And if it’s going to happen, it’s got to happen in the next two weeks. For two intertwined reasons:

    Reason one: The Falcons finally are relatively healthy. Grant Parker, their top player, is back and now has two games under his belt. That leaves Air Force without just two key players (sophomore center Sammy Schafer and sophomore guard/forward Taylor Stewart). But getting Parker back was key. It changes everything about how Air Force plays offense and, more importantly, how opponents play defense against Air Force.

    Reason two: Look at the schedule.

    Starting Saturday, when the Falcons play a Wyoming team that is without its best player (leading scorer Afam Muojeke is out for the year with a knee injury), Air Force gets the sixth-, seventh- and eighth-place teams in the conference, all at home, in a four-game stretch. After playing Wyoming, the Falcons have a tough road trip to San Diego. But after that are winnable games at home against TCU and Colorado State.

    Air Force needs to cash in on at least one of those games. Or 0-16 becomes a real possibility for the second season in a row.

    Notes:
    -While the key stretch in the game was early in the second half when UNLV scored on eight of 10 possessions (with five 3s in the stretch), another important moment came just before halftime.

    Air Force was up 24-15 with 2:24 left in the first half. But UNLV closed the half on a 6-0 run. So instead of taking a substantial lead to halftime, the Falcons, for as well as they played, were up by one 3-pointer. And some of their momentum was gone.

    Asked if the Falcons need to close halves better, Parker said, “Yeah, we do.

    “And part of that was shot selection. … When they started getting going there, we came down and started taking quick shots, and we can’t do that if we want to beat athletic teams like this. We’ve got to slow down the game and be smart in our shot selection. I took some bad shots too, and I know some other guys did too, and we can’t do that if we’re going to finish a half strong.”

    -Freshman forward/center Taylor Broekhuis entered the game 0-for-15 on the season from 3-point range, and after he missed his first two 3s in the first half on Tuesday night, he passed up a wide open shot from behind the arc late in the half.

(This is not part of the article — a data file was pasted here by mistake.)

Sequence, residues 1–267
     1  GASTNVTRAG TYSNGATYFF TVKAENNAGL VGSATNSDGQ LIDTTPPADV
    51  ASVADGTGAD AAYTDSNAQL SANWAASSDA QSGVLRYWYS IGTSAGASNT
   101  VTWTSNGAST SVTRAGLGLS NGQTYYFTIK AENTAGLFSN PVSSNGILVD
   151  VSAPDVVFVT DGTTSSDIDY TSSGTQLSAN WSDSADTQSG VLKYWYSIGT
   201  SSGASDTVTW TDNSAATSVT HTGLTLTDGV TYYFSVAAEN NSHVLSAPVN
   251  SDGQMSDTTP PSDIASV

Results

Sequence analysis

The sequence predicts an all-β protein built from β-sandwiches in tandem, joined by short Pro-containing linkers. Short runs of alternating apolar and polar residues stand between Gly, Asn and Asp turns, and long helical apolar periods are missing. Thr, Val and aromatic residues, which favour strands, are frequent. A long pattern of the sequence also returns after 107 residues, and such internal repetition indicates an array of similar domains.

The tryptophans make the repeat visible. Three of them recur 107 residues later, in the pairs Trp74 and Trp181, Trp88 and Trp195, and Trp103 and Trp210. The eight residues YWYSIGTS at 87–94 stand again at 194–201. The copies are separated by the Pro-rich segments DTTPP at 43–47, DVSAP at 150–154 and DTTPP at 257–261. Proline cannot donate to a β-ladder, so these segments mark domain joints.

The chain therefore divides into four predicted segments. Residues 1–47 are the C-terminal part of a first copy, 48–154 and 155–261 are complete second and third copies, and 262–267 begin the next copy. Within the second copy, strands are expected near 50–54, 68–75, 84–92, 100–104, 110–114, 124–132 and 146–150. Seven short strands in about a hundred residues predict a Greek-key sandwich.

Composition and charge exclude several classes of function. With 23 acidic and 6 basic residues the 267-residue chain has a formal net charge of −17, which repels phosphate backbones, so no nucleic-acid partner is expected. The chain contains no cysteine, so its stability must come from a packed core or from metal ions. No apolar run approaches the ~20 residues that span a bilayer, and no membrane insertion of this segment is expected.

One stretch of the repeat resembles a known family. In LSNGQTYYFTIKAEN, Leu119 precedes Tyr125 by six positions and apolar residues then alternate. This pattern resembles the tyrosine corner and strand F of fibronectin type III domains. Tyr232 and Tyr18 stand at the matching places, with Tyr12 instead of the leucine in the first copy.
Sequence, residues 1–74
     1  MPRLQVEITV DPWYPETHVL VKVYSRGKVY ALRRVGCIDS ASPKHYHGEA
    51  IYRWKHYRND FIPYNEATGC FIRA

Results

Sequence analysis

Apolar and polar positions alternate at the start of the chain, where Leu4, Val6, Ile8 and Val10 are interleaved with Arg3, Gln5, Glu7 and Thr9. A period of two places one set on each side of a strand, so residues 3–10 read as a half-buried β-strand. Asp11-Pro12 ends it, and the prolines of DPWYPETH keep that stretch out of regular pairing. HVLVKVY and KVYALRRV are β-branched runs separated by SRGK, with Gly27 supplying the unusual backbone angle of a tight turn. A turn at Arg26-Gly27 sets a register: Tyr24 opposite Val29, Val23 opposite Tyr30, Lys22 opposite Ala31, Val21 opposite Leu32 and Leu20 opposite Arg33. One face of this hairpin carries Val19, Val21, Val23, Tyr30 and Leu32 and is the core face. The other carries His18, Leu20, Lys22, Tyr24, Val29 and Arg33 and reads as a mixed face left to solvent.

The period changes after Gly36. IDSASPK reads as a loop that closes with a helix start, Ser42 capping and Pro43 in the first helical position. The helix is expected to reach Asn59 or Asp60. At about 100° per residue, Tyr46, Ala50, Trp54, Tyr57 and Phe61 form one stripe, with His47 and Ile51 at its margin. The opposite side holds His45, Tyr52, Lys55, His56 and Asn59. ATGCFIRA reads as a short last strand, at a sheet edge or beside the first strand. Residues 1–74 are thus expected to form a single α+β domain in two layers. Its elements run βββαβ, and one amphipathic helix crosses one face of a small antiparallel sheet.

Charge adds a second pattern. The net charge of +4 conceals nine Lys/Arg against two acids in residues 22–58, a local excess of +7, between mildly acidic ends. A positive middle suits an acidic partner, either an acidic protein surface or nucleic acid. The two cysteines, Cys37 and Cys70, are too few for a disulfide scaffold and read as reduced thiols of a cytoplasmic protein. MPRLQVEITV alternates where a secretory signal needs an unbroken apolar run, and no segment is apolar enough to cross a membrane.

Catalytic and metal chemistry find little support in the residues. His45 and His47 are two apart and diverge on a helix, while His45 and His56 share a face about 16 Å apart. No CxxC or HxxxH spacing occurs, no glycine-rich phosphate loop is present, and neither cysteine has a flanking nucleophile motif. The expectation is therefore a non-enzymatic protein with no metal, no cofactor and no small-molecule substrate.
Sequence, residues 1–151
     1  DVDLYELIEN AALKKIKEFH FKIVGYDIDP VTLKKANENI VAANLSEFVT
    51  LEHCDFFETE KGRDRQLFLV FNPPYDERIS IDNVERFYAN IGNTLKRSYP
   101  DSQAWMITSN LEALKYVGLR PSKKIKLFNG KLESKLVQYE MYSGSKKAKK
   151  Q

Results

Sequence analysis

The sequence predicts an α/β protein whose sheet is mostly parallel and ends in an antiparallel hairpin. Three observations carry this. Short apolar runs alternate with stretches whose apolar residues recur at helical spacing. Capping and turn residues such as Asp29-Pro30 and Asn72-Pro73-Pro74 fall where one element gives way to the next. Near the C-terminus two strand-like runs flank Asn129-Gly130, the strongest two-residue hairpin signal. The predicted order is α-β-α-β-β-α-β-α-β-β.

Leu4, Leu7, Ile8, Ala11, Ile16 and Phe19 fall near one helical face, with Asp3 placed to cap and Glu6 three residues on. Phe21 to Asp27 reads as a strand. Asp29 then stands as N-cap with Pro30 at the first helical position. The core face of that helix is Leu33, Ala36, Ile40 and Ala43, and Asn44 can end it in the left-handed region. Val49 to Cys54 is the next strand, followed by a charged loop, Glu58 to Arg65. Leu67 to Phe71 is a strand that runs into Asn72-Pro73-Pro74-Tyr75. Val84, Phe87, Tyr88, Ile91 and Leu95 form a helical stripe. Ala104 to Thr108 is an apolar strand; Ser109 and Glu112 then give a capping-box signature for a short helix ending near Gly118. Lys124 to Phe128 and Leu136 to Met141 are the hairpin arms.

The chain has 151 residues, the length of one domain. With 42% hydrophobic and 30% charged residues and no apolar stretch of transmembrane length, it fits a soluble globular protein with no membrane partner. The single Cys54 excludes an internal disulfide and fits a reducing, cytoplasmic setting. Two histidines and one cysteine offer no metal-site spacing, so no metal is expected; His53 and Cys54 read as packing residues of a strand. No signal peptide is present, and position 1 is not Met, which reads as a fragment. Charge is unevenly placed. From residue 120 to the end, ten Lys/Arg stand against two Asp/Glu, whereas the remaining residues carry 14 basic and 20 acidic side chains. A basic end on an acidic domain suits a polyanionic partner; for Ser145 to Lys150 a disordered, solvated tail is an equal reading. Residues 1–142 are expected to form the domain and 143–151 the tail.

Not only was the shot wide open, it was within the framework of the offense, and Air Force didn’t get a better shot after he passed on it.

    During the next timeout, Reynolds told Broekhuis that he had to shoot the ball in that situation, using a word that I can’t include in the blog to drive home the point.

    The message was received. Five minutes into the second half, Broekhuis took a pass from Todd Fletcher and, without hesitation, squared his shoulders and drained a 3 from the top of the key.

    “I took him out and didn’t start him in the second half because he wouldn’t shoot it,” Reynolds said. “And he’s a good shooter. And hopefully that will help his confidence.”

    -Air Force used its ninth different starting five tonight, and its fourth in six conference games: Fletcher and Evan Washington at the guard spots, Michael Lyons and Mike McLain at the forward spots and Broekhuis at center.

  • Saturday Morning Links

    Sat, January 23, 2010 by admin with no comments

    Air Force begins a two-game road swing today with a game against Utah at the Huntsman Center in Salt Lake City. In today’s edition of The Gazette are my 3 Things to Watch in the game and an article on freshman forward/center Taylor Broekhuis.

    Also, Air Force coach Troy Calhoun has promoted Matt Wallerstedt to defensive coordinator and associate head coach to replace the departed Tim DeRuyter.

    Finally, Air Force hockey lost to Holy Cross last night, 6-4.